My friend Laura, certainly the most fit person I know, made a seemingly innocuous admission recently that has stuck with me.
While on vacation in Maine with her husband, they were out enjoying some cross country skiing. Out for a couple of hours, he turned to her and asked if she wanted to continue on the set of trails they’d yet to explore.
“I said no, I’m good.”
It doesn’t sound like much, calling it a day, but Laura is an animal. I mean, this woman went running through thigh-high snow some years back right after minor leg surgery!
Now, maybe she was just bored by the steady swoosh of the dogged ski trail, or maybe she is at an age and stage where having to push through the limits is no longer such an attractive option.
I find myself using that phrase “age and stage” a lot lately, now that I am closer to the north side of 60.
A recent two-week bout with the flu not only left me weak, but weirdly took away my senses of taste and smell. What fresh hell is this? I thought to myself. Then, due to my illness-induced inactivity, I messed up my shoulder in Ashtanga yoga class.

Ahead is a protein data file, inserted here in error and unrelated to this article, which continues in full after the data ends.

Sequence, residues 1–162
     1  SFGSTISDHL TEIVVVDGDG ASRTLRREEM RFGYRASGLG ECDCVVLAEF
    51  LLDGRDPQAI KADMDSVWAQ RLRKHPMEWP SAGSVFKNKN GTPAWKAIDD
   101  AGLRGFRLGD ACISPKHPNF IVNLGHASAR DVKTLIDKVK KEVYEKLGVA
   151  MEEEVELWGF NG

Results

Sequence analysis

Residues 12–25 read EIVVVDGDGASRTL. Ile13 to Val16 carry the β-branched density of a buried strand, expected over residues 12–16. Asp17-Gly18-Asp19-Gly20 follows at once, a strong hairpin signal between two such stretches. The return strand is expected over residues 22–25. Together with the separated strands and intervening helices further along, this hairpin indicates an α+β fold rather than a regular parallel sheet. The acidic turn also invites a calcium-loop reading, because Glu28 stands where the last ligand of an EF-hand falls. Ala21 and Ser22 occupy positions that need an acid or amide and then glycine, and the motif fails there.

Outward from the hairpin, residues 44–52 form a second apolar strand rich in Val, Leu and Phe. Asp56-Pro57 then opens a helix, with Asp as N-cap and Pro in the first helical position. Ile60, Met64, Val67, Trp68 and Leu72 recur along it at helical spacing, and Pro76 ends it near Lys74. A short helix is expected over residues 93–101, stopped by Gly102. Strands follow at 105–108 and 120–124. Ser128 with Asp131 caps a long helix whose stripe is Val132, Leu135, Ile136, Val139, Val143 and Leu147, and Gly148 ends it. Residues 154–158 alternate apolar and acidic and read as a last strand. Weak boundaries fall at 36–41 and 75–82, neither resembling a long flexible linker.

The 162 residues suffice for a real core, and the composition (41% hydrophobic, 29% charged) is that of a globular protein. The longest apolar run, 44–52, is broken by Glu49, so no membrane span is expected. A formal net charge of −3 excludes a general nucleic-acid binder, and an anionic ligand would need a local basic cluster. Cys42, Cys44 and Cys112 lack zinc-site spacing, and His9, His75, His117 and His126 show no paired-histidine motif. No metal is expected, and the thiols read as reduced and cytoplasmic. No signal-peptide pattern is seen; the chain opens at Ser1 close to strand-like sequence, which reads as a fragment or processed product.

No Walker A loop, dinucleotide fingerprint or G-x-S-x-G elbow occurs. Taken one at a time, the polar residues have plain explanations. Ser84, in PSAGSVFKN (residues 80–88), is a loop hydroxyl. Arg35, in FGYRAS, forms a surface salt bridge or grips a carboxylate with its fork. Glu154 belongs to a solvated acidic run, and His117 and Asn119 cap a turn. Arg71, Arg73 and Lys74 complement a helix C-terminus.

Ok, enough is enough. I get that millions are impacted by the flu. But am I at that crossroads where all signs say, “Proceed with caution – you’re past the double nickel and all minor ailments will last longer, carrying forward a piquant aftertaste that lasts well beyond the last bitter sip.” (Yeah – too long for a sign, I know!)
The saying “time heals all wounds” is not true when it comes to grief, and certainly not applicable to aging. I’m certainly not on my last legs, and Laura can still rock a bikini like nobody’s business. But it gives you pause, the domino effect of minor aches and pains, and how they awaken thoughts of the decrepitude to come.
Aren’t you just dying to invite me to your next baby shower?